Graduates of the 2017-18 Tennessee Naturalist Program celebrate with a hike to Denny Falls on June 23. Denny Cove is a recent addition to South Cumberland State Park. (Photo: Contributed)

Registration is now open for the Tennessee Naturalist Program at the South Cumberland State Park.

The Friends of South Cumberland State Park have offered classes for the Tennessee Naturalist Program, a statewide certification program for anyone who wants to learn more about Tennessee’s great nature, since 2011.

Those who complete the requirements of the 10-session program and complete 40 hours of service to environmentally-focused organizations become certified Tennessee Naturalists.


The ten four-hour sessions run from September to May with meetings averaging once a month, usually on Saturday mornings.

The classwork is divided between lectures, hands-on activities and many hours of outdoor immersion. Topics include local geology, forests, animals, plants, fungi, aquatic biology and astronomy. The fieldwork portion of the course can be physically demanding with hikes on steep hills and rough terrain and some night activities.

Among those who serve as volunteer instructors are State Naturalist Randy Hedgepath; Sewanee professors Bran Potter, Ken Smith and Kirk Zigler; Sewanee Herbarium Curators Mary Priestley and Yolande Gottfried; TWRA rehabilitator Margaret Matens; and rangers Jessie McNeel, Jason Reynolds, Philip Hylen and Mark Taylor, and former St. Andrews-Sewanee instructor Ron Ramsey.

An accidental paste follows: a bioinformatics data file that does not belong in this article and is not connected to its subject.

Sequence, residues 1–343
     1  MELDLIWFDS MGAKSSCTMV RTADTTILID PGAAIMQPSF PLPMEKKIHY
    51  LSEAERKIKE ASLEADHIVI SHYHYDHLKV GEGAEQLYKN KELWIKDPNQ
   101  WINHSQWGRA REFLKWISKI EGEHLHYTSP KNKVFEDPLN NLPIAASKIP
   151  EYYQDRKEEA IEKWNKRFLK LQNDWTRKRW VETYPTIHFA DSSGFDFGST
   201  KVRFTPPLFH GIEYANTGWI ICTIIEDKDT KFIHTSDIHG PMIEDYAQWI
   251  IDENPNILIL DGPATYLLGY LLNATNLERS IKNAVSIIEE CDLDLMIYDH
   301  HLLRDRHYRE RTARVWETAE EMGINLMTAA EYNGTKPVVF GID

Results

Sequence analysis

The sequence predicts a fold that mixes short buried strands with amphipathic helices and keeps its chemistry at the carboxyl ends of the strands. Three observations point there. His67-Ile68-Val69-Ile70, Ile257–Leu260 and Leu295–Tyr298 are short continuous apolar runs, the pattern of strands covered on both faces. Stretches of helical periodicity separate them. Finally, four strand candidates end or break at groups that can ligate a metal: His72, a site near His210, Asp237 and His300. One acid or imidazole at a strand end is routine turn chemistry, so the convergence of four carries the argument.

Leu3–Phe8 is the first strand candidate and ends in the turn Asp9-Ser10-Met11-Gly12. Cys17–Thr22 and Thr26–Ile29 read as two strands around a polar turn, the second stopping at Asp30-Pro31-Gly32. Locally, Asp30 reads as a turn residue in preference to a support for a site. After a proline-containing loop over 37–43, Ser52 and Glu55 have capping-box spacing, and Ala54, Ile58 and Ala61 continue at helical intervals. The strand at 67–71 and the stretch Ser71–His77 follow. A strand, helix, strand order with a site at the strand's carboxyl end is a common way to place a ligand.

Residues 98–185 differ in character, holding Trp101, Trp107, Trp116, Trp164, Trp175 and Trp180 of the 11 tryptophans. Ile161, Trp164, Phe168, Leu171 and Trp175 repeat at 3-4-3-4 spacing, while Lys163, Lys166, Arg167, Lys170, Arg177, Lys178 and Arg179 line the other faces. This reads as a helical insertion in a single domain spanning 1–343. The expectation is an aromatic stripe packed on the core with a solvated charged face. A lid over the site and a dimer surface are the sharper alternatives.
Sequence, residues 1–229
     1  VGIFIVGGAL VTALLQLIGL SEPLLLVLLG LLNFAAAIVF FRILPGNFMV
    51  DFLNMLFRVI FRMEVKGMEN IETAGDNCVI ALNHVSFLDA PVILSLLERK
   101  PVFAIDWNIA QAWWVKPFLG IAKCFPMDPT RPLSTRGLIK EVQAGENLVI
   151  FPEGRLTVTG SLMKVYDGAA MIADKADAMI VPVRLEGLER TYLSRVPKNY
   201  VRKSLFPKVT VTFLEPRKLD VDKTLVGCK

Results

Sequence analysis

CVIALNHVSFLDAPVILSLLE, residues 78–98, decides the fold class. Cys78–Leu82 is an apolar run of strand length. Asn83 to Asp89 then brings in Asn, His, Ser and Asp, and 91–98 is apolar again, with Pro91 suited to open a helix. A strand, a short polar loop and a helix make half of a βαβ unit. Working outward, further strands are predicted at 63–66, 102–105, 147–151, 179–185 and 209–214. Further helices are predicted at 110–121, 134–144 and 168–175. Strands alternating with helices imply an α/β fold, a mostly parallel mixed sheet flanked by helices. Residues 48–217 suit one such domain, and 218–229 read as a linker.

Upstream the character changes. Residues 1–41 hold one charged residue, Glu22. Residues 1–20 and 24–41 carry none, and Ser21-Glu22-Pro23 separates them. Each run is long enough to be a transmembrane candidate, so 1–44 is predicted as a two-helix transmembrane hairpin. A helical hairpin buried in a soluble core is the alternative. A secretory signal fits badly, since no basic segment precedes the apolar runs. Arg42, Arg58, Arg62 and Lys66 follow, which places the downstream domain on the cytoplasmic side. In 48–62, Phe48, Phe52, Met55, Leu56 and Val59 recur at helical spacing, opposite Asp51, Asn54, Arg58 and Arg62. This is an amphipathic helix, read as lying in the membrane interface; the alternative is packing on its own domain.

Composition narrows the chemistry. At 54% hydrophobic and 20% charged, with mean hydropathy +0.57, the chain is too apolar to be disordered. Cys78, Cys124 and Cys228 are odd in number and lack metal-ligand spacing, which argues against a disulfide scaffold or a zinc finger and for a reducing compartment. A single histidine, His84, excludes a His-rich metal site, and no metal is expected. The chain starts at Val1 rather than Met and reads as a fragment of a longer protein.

The TNP is an education training course designed to introduce the natural history of Tennessee to interested adults, with chapters across the state. Graduates join a critical corps of volunteers providing nature education, outreach, and service to the park.

The cost of the course is $250 per person for current Friends member. Nonmembers may participate for $275, which includes a year’s membership in the Friends. Participants receive a field notebook, hand lens, and a jump drive containing all class materials. Registration is on a first-come, first-served basis. In addition to South Cumberland State Park, Tennessee State Parks hosts Tennessee Naturalist Program chapters at Cedars of Lebanon State Park and Cumberland Mountain State Park.

Purpose of the TN Naturalist Program:

  • Teach others about our natural world
  • Inspire the desire to learn more
  • Develop an appreciation for environmental stewardship
  • Create a knowledgeable community of SCSP “ambassadors”
  • Build a corps of environmental volunteers
  • Learn about the natural history of the Cumberland Plateau

Program goals:

  • Train volunteers to work as docents at the South Cumberland State Park Visitor Center
  • Train volunteers to lead field trips in the park
  • Train volunteers to assist park rangers with special projects